I will admit it. I didn’t watch a lot of Ricky Ponting’s career as a batsman. In what was a transformational Test match – for India at least – from 2003 in Adelaide, I can’t seem to recall many of the shots that Ponting played for his 242 runs, although I do recollect almost all of Rahul Dravid’s monumental effort in response.
It was due to combination of things. Moving away from India as Ponting was about to take off as a “great” batsman and the inability to watch live cricket on Television/Internet in the U.S. but more importantly, he was just another cog in that seemingly irrepressible Aussie juggernaut.
Watching Ponting bat was also to be witness to Australia bossing their opponents around, grinding them down mercilessly at the hands of Matthew Hayden, Justin Langer, Damien Martyn, and sucker punched by Adam Gilchrist. If you were averse to gruesome brutality, you generally stayed away from the kind of slaughtering handed down by the Aussies.
It was actually more fun to watch Australia bowl and field. Shane Warne with his made-for-TV drama and Glenn McGrath with his robotic repetitions (along with Jason Gillespie’s mullet) backed up by the catching and ground fielding that was the best in the business, by a country mile.
It was actually Ponting’s fielding that I enjoyed watching in the little time from 1995 to 1998 I could see him on TV in India– comfortable anywhere in the field right through his career: Quick reflexes, safe hands, agile, fleet footed, deadly accurate arm and thoroughly professional, as seen in he throwing himself around as Laxman and Dravid were piling on the runs in Kolkata 2001.
It took till the Ashes series of 2005 for me to really start appreciating Ponting for his batting greatness. It was as if I needed to see him bleed during the first Test at Lord’s to realize he was human and not a run-making automaton. The innings of 156 at Old Trafford, trying to temporarily put England’s plan of going ahead in the series on hold, made me sit up and take notice.
It wasn’t always easy admiring his batsmanship especially it came with its own set of not so attractive additions that were distinctively Ricky, perhaps distinctively Australian even. He was tough as nails and approached the sport as such, which did not make him immediately endearing – to me anyway. Of course, it was my loss that I did not disentangle Ricky The Batsman sooner and enjoy him for his craft.
Recent years have seen an Australian team that suffered from mass retirements that Ponting tried to rebuild and had since given up the top job but still showing all the enthusiasm in the world for the sport and his mates. As a fan from India, it would be easy to point to his early struggles against Harbhajan Singh or the controversial circumstances of Sydney 2008, but the more enduring images in my mind are from the Bangalore Test in 2008 and most definitely, the Quarterfinal of the World cup in 2011.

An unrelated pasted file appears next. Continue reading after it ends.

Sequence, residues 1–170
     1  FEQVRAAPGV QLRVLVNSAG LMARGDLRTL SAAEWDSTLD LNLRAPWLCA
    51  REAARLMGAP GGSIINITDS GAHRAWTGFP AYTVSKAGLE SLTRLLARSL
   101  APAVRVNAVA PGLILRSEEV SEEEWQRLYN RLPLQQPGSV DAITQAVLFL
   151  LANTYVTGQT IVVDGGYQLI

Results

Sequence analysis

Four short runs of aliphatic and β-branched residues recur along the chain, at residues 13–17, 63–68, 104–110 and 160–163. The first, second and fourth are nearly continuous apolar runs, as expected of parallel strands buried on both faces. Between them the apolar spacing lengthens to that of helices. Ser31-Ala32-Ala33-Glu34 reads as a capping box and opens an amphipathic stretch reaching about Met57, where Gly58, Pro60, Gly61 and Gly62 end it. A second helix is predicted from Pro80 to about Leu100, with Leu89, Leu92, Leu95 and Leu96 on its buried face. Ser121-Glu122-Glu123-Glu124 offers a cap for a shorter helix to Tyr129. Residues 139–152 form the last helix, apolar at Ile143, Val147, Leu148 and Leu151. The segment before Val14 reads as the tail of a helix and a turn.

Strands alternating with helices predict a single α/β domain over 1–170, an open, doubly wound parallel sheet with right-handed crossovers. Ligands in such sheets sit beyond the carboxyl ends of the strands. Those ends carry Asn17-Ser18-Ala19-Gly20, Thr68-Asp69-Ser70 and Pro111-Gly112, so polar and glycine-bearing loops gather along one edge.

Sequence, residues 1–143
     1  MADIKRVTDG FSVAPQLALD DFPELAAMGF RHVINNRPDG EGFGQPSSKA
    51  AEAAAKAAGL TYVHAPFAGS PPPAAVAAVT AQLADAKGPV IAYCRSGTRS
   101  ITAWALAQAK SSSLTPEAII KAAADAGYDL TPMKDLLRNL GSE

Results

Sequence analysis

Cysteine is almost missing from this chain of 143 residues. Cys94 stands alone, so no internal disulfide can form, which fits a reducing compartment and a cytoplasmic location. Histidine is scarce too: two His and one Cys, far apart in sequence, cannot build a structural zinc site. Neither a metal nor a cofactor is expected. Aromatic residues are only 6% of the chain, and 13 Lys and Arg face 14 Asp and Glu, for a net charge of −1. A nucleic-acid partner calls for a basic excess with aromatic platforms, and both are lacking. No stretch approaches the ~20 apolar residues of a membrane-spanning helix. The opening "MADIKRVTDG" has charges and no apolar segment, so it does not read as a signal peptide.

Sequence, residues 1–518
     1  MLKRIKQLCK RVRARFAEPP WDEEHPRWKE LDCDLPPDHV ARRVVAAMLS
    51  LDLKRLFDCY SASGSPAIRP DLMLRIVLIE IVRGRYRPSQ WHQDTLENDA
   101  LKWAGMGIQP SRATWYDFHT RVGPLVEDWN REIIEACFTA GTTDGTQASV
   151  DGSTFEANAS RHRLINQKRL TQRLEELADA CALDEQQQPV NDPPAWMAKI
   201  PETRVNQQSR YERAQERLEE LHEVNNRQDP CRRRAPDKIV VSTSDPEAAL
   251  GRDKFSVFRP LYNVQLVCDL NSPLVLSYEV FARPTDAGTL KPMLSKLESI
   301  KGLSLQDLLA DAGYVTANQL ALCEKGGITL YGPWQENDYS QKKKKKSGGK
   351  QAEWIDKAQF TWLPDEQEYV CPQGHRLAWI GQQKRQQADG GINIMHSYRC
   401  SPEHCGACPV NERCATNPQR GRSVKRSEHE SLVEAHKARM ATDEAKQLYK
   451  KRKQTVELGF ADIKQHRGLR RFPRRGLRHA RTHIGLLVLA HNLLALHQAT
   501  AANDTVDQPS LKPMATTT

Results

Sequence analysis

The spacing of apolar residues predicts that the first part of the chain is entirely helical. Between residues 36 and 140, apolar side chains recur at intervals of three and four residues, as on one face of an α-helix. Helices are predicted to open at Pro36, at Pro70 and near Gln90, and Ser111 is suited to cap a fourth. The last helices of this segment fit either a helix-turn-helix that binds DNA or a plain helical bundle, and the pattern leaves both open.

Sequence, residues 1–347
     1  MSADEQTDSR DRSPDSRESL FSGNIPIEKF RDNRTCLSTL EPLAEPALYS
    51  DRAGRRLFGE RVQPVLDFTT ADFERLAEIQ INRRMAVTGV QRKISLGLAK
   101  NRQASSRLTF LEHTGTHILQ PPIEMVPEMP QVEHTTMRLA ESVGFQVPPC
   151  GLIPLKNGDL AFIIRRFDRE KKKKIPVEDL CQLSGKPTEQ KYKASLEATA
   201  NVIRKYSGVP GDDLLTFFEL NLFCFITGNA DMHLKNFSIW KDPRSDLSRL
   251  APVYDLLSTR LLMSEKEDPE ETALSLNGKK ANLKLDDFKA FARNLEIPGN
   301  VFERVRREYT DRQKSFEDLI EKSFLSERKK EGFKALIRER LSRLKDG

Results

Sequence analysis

That innings in Ahmedabad was quintessentially Ricky. Under fire for not having scored an international hundred in over 13 months, with Michael Clarke ready to take over the reins, with questions about his viability as a player in Australia colors abound, Ponting made a brilliant “Eff You” 104. You can never count greatness out!
Losing Ashes at home and three in all would have sent anyone packing but Ponting still brought tremendous value to the Australian team. I had the privilege of seeing him get a renewed lease on his Test life at Melbourne and Sydney last year, keeping the doubters at bay, and scratch out a 41 under tough conditions in Trinidad to put Australia in a good position to win the Test till weather intervened.
In that typically Australian way of dealing with things upfront, he has determined that he isn’t contributing to the team as much as he would have liked and so has called it a day on a great career. For someone that always came across as a hard-nosed cricketer that refused to quit, it must have been a humbling realization but I applaud his honesty in dealing with it.
Ed Cowan provided a glimpse in to what Ponting meant to his mates and how much he cherished the team atmosphere and the pursuit of sporting excellence. “It’s been such an eye opener to see how [Ponting] goes about his cricket and how enthusiastic he is, his infectious attitude to winning, and how that can rub off not only on the Tassie (Tasmania) team, but also the Australian team. Just to be around that is pretty inspiring… I know Ricky has been always portrayed as the hard-nosed individual when he is probably the most giving, lovely and sensitive guy you could ever meet, and can be completely and brutally honest. He really cares for other people which you never would have got from not playing with him.” It shouldn’t really be surprising that he had cried when telling his teammates of his decision or of Michal Clarke tearing up at the presser.
The WACA will see him turn up for the 168th time in a Test wearing his battered baggy green, coincidentally the venue of his Test debut. Circle of life. Au revoir Ricky!
Ponting Photo Source: Baggy Green Blog